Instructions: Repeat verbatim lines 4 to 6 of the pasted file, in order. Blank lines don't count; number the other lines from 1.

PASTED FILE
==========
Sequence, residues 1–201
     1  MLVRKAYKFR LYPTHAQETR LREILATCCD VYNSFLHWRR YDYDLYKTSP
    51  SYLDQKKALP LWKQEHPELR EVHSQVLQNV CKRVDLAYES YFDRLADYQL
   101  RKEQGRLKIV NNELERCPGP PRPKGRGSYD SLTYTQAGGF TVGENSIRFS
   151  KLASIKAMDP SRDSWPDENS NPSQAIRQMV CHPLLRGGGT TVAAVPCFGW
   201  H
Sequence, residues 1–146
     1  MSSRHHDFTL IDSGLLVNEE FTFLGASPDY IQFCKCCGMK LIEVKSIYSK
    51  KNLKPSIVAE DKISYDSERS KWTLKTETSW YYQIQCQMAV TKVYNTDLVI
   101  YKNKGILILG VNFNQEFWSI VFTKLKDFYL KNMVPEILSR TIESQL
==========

   101  RKEQGRLKIV NNELERCPGP PRPKGRGSYD SLTYTQAGGF TVGENSIRFS
   151  KLASIKAMDP SRDSWPDENS NPSQAIRQMV CHPLLRGGGT TVAAVPCFGW
   201  H